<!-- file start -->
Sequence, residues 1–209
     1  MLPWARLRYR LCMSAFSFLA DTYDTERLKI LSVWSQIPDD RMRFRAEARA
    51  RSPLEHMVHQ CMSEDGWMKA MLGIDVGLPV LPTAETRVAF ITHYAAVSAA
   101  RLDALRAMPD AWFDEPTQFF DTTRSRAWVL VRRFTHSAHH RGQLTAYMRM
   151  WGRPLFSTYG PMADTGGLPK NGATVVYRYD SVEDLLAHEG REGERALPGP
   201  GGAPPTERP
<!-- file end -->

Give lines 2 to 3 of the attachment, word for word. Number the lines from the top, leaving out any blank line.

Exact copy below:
     1  MLPWARLRYR LCMSAFSFLA DTYDTERLKI LSVWSQIPDD RMRFRAEARA
    51  RSPLEHMVHQ CMSEDGWMKA MLGIDVGLPV LPTAETRVAF ITHYAAVSAA